Recent Western and Chinese media focus on terrorism in Xinjiang has diverted attention away from the greater threat that Beijing faces from its ethnic Uighur population: namely a repeat of the large-scale rioting that hit the regional capital of Urumqi in 2009.
China’s sudden declaration of an Air Defence Identification Zone covering the uninhabited Senkaku islands is not intended to extend Chinese airspace as part of an area-denial/anti-access strategy. China’s real aim is instead to strengthen their quasi-legal territory claims in the long term.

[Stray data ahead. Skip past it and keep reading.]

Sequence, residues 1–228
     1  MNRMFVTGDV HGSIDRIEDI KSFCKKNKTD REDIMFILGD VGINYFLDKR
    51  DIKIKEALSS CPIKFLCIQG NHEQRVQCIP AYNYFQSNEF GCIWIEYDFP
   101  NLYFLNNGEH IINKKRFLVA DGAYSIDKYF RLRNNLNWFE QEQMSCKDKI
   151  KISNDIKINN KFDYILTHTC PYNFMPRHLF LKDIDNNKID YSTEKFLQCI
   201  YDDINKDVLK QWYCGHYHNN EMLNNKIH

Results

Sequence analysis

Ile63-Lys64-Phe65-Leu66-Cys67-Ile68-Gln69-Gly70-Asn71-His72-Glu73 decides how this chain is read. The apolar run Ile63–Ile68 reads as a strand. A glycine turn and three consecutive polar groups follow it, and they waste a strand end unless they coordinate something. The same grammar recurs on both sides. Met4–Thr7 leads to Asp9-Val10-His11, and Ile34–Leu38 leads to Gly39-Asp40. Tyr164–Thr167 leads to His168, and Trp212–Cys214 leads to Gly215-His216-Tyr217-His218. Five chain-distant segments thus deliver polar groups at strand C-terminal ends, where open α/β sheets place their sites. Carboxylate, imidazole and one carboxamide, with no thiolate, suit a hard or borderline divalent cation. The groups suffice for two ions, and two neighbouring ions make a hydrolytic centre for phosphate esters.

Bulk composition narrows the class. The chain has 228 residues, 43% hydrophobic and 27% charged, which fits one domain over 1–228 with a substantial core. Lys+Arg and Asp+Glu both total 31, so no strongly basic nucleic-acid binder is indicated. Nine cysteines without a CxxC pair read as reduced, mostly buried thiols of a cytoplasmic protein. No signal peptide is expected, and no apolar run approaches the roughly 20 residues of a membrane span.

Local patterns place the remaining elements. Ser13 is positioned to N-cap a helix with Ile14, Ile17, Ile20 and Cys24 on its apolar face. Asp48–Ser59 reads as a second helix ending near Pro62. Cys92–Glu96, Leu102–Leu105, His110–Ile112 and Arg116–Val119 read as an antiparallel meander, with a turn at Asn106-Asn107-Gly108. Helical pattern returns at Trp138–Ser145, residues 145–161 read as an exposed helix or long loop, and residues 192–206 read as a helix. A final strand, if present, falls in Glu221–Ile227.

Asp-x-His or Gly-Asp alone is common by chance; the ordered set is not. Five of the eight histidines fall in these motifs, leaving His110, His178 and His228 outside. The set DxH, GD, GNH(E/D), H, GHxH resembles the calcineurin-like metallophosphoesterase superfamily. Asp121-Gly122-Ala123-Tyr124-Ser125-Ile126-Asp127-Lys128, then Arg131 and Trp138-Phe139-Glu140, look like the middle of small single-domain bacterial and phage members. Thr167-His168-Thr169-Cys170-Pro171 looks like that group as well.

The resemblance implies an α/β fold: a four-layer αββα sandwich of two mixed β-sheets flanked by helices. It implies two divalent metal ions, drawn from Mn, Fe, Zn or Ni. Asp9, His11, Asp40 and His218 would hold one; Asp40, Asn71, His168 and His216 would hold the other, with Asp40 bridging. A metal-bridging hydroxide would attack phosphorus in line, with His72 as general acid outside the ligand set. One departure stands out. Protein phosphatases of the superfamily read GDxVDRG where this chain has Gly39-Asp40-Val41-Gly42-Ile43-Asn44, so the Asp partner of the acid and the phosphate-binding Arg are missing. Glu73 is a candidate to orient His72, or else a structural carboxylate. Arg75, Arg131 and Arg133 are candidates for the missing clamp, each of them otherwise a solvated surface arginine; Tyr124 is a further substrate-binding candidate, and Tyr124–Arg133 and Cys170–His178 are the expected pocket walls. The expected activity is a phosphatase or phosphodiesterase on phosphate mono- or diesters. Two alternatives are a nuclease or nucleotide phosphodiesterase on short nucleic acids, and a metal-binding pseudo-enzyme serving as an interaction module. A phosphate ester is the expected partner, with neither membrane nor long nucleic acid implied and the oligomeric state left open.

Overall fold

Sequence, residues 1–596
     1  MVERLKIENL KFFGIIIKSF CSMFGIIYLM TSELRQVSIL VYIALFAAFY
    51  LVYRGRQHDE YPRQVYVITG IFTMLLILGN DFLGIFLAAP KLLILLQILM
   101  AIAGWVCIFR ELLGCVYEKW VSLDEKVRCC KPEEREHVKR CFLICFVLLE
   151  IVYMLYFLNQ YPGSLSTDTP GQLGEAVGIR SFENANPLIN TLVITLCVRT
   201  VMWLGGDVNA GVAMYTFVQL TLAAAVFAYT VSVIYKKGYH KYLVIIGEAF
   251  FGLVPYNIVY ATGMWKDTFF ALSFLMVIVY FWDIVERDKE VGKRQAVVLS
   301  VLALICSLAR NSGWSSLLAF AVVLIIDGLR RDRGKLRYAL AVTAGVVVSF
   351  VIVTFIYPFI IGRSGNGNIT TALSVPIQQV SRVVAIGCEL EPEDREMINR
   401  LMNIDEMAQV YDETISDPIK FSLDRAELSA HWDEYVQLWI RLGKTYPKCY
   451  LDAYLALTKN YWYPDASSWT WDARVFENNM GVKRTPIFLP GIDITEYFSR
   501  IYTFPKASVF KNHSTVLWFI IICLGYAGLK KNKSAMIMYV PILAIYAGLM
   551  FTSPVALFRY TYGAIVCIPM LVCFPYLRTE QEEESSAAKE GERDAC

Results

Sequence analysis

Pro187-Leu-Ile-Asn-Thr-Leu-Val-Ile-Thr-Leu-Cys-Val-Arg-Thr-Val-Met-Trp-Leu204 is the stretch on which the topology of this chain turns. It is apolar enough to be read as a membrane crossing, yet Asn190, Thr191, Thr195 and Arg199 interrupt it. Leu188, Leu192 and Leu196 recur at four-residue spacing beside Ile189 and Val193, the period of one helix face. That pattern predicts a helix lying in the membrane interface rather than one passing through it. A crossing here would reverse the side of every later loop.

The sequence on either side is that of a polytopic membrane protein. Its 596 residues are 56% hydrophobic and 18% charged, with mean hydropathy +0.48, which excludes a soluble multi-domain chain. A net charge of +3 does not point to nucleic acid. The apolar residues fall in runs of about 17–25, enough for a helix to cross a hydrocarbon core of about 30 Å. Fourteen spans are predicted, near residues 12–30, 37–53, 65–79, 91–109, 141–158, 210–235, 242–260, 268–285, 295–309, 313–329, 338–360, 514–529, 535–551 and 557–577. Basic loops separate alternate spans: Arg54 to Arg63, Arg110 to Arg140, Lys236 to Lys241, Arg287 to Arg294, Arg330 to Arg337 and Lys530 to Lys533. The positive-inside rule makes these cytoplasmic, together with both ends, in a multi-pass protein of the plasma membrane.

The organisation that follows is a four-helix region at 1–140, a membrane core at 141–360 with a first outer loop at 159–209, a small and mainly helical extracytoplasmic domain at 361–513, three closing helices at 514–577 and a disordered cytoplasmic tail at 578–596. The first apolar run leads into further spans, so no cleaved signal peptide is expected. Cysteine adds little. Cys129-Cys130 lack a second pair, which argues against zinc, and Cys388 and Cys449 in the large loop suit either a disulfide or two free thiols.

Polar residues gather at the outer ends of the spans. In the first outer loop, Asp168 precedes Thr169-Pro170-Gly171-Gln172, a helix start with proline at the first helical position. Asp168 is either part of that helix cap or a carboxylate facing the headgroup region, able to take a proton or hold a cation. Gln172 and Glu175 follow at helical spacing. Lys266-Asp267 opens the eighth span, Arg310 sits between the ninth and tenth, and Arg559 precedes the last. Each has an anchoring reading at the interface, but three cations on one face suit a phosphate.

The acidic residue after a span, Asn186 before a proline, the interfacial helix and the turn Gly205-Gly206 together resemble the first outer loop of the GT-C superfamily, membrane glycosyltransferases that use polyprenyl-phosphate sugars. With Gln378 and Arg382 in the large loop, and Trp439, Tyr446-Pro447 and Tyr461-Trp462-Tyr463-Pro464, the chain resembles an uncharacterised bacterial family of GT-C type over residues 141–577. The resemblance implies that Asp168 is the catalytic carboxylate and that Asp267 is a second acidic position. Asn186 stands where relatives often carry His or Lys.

China’s leader has launched an anti-corruption drive that seems to strike at the heart of the Communist Party. Yet the persistence of the campaign may instead reflect his stubborn faith in the fundamental correctness of the system.
Two outbreaks of deadly violence in Xinjiang this week highlight China's failure to bring stability to its troubled far west Muslim frontier. A closer examination of the attacks reveals that Xinjiang's model of 'stability maintenance' continues to spark Uyghur unrest.
With North Korea’s recent missile test capturing the world’s attention, China’s response to its old ally’s transgressions will be critical for any chance of progress. With new leadership in Beijing, is there the possibility for a change in China’s approach?
What are the challenges and opportunities for UK-China military co-operation? A report produced in association with the Institute of Asia-Pacific Studies and China Policy Institute, University of Nottingham